What is the effect of a short trip into space on the human body?

What is the effect of a short trip into space on the human body?

A short trip into space can cause some of the same changes as long-term space missions, a new study shows.

Short-term space travel causes similar changes in the bodies of astronauts who spend months in orbit, according to new research.

However, most of the changes in these travelers reverse within a few months of returning to Earth.

“This is the first time we've looked at the crew cell by cell when they go into space and looked at the T cells and B cells and all the different components of the immune system,” said Chris Mason, a professor of physiology and biophysics at Weill Medical College at Cornell University in the US. “We do this for hospital patients and research patients.”

“But this is the first time we have a high-resolution cellular view of what is happening to an object in space.”

The research focused on four space tourists who were part of the three-day Inspriation4 SpaceX flight in 2021, from whom biological samples were collected.

The researchers compared this data with information from previous flights, such as NASA's study of twins.

“We found, for example, that telomeres elongate slightly in space, which are kind of caps at the end of your chromosomes that keep your DNA intact,” Mason said.

“We found that this is very similar to what we see on longer missions, but not as dramatic,” he said.

“We find that when the body stresses the immune system, it activates T cells in the body. We also see general stress on the body from flying. But within a few months, 95% of them disappear. “It will return to its basic levels,” he added.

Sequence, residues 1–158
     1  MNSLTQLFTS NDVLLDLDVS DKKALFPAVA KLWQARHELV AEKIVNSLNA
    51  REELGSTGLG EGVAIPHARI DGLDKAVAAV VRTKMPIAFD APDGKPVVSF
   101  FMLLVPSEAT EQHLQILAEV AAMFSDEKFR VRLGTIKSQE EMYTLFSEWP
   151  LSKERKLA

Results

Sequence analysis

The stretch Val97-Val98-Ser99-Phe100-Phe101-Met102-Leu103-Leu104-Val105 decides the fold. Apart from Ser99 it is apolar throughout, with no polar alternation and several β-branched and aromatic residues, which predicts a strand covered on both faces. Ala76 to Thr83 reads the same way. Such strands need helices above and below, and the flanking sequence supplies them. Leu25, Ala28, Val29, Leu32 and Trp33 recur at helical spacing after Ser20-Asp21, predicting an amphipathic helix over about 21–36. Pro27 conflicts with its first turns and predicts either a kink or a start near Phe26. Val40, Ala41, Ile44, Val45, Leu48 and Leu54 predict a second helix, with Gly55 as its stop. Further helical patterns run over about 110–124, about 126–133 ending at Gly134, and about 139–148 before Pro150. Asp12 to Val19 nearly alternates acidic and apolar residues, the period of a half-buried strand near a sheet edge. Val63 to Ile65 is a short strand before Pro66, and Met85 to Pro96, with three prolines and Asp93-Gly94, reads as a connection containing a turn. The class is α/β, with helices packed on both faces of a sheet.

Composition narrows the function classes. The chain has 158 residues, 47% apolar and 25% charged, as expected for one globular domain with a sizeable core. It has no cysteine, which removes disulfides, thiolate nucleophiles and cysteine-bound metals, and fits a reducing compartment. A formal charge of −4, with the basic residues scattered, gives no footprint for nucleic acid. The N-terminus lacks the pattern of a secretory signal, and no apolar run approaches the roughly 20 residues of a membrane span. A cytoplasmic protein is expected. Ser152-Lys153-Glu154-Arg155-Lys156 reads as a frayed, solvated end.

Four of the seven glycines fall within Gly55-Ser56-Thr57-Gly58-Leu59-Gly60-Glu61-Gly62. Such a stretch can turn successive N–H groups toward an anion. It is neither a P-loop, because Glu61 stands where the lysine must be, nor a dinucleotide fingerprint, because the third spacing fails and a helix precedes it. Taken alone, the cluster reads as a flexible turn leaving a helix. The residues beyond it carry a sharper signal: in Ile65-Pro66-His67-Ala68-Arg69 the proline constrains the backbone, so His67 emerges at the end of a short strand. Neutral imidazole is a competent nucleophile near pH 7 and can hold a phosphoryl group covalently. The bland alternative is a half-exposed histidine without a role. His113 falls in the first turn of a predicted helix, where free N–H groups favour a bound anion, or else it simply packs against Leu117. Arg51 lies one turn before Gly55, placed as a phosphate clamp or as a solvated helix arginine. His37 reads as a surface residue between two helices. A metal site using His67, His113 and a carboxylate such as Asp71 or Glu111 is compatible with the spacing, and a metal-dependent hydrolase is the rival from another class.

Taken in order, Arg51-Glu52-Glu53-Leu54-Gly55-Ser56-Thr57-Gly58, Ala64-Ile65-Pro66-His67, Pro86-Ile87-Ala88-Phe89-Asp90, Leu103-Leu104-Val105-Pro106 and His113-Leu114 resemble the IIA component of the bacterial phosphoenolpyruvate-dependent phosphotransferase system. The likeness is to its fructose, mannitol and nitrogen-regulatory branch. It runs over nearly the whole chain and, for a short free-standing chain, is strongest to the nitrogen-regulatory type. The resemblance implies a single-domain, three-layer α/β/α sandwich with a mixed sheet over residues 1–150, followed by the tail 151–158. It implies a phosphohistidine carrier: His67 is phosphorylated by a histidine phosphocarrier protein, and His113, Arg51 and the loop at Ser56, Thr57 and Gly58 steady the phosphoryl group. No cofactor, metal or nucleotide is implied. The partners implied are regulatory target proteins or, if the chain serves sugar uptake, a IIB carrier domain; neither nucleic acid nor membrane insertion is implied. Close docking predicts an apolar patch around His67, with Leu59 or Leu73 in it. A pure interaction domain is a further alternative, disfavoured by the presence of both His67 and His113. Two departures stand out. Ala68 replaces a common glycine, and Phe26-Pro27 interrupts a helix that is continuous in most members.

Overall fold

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A compendium of health-related studies in space

The research was part of a series of studies published in the journal Nature on the health effects of space travel.

Other studies published Tuesday in the group looked at the impact of spaceflight on the skin, kidneys and immune system.

For example, a study conducted by researchers at University College London found that the structure and function of the kidneys changes due to spaceflight.

The study used data from space missions that included humans and mice, as well as space simulations that included mice and rats.

Seven simulations involved mice exposed to radiation at levels equivalent to 1.5- and 2.5-year Mars missions.

Dr. Keith Siu, the study's first author, said that although they knew there was an increase in health problems such as kidney stones during spaceflight, they did not know what might happen during long-distance missions like Mars.

“If we don't develop new ways to protect the kidneys, I would say that even if an astronaut could go to Mars, he might need dialysis on the way back,” Siu said.

“We know that kidneys show signs of radiation damage late; By the time this becomes clear, it may be too late to avoid failure, which could be disastrous for the mission's chances of success.

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